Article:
Wow some of these highlighted details sound very familiar. Source: Department of Defense
When something belongs to the government, you can?t take it for yourself. There are regulations that prohibit government employees from misusing government property, and there are other regulations that prohibit using a public position for private benefit.
Why are those rules important? Well, imagine if a former official wrote a book and wanted to plug it to journalists who followed their government work. Ajit Pai?s FCC Twitter account is pretty valuable: it has 80,000 more followers than his personal one. That?s a lot of people to profit from.
Or take former FCC Commissioner Clyburn, who kept her account after she left the FCC in 2018. Her account still hosts her FCC tweets, like her dissent on Pai?s final decision to kill the net neutrality rules. A few months after Clyburn left the FCC, T-Mobile hired Clyburn to lobby in favor of its acquisition of Sprint, which required approval by ? the FCC. And now Clyburn tweets favorably about T-Mobile?s corporate work on the same account she once used for FCC business.
Not every FCC commissioner has done this. Former FCC Chair Tom Wheeler did the right thing and closed his account. He then directed interested followers to his personal account.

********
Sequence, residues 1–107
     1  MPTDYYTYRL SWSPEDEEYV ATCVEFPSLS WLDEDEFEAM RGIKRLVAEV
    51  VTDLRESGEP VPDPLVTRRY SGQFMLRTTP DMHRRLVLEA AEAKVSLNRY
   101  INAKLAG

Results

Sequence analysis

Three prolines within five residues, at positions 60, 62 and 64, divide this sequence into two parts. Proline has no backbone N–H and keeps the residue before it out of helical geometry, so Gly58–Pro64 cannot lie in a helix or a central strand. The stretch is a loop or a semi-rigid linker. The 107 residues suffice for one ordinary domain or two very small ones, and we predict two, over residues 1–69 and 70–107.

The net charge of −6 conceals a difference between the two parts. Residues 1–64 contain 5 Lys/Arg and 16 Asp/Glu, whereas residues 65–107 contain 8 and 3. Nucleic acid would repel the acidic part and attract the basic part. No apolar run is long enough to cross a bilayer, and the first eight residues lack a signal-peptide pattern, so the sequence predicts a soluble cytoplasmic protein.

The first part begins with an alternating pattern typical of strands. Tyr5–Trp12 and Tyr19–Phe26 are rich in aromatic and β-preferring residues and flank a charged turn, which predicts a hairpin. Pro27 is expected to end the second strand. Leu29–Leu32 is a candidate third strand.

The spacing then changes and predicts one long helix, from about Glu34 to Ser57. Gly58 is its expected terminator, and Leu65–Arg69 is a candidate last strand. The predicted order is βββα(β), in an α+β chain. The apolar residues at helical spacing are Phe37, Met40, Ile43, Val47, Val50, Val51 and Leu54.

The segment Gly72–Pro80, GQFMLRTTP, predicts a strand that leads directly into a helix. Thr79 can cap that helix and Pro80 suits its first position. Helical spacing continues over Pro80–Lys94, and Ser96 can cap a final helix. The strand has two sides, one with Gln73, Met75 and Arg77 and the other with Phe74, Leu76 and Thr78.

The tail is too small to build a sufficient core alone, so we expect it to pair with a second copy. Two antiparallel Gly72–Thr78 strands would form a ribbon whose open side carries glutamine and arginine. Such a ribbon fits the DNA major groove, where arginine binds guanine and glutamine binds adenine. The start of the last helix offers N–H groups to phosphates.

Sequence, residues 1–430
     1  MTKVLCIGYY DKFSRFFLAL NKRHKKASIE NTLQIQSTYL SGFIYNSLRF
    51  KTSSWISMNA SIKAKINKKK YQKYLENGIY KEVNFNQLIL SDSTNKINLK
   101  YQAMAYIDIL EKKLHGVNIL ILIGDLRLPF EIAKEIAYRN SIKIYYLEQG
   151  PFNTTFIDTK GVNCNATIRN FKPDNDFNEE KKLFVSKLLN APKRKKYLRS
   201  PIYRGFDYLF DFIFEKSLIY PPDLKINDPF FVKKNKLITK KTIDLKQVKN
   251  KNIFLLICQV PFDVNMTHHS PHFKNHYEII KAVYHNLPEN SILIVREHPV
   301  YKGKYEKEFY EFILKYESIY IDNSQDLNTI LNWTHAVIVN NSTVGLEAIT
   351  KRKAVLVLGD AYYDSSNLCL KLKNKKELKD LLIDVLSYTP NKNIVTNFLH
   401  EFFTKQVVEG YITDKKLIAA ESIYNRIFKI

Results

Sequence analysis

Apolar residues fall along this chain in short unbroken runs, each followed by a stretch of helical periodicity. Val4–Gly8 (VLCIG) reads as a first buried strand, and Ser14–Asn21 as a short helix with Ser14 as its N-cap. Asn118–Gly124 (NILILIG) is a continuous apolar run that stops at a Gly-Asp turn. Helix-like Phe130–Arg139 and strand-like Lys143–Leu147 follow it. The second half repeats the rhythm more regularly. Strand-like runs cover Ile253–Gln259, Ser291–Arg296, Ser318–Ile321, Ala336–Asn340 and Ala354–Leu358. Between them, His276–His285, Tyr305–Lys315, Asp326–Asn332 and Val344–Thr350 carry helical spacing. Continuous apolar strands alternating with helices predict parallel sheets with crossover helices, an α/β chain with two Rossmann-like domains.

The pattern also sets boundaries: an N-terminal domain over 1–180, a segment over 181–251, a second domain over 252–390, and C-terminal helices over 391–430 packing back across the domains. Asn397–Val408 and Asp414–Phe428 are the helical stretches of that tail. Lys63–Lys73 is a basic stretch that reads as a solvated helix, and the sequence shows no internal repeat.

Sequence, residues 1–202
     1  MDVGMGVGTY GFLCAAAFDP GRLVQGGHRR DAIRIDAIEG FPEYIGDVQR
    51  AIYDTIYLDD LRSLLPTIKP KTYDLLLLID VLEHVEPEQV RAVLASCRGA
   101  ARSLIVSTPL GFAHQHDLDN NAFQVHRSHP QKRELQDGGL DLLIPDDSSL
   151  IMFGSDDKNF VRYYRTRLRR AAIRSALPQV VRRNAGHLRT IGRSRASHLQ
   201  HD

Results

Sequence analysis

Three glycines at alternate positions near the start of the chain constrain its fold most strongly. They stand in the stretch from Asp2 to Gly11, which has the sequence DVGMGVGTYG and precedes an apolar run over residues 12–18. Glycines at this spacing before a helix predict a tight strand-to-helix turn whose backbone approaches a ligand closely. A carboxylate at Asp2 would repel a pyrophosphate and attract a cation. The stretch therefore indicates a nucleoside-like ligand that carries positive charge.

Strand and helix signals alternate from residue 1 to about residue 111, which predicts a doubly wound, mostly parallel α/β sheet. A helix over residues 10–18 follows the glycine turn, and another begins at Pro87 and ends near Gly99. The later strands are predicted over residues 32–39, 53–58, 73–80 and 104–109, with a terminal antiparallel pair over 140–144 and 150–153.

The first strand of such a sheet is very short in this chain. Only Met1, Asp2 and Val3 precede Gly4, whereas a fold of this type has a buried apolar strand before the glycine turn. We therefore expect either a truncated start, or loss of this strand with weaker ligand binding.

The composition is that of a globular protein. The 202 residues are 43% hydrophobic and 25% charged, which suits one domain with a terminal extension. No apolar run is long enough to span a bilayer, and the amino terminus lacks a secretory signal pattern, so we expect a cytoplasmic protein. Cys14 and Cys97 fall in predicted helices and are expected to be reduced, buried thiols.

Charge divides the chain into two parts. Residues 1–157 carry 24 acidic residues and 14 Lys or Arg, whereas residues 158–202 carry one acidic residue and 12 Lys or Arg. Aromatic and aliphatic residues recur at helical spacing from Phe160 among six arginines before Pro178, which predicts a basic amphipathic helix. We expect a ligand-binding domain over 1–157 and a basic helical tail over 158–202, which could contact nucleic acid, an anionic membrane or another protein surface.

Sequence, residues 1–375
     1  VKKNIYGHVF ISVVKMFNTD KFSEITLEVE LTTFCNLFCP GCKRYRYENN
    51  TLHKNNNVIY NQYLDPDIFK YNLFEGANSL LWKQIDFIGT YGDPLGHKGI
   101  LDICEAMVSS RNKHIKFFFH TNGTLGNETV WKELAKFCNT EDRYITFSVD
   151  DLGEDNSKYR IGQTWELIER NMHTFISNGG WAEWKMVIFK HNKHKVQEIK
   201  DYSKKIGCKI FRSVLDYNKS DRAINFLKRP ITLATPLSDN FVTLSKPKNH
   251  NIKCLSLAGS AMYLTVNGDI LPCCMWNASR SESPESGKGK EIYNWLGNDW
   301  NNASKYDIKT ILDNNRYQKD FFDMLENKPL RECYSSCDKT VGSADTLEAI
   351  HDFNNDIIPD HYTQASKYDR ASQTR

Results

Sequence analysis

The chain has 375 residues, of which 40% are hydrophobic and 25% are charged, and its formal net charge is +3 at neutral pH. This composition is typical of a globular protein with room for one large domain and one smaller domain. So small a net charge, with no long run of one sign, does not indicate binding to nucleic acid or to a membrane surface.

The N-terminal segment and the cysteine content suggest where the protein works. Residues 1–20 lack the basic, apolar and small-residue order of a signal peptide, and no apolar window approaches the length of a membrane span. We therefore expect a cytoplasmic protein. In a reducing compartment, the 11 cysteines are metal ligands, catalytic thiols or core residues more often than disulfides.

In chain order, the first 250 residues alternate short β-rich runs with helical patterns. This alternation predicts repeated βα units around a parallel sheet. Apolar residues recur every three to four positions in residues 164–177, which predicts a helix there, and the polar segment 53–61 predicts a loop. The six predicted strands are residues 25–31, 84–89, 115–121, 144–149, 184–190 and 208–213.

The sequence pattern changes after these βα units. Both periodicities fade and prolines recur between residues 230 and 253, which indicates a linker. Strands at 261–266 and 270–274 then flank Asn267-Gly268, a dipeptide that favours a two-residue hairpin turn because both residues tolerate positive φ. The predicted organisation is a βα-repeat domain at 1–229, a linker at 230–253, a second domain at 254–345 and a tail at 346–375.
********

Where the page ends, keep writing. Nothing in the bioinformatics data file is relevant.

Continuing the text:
But the other three former commissioners face the constant temptation to use accounts created for public service for personal profit. These three commissioners ? Pai, O?Rielly, and Clyburn ? should not have kept their FCC Twitter accounts. And the FCC, which knows about this issue and allowed it to fester, should have created policies to prevent this from happening in the first place.
Your right to see statements by FCC commissioners should not depend on whether they block you after changing jobs.
Mark Gray is a lawyer in Washington, D.C. who writes about technology policy issues in his spare time. He is available on Twitter at @Mark_T_Gray. The views in this piece are entirely his own and do not reflect the views of his employer, the United States, or any of its agencies.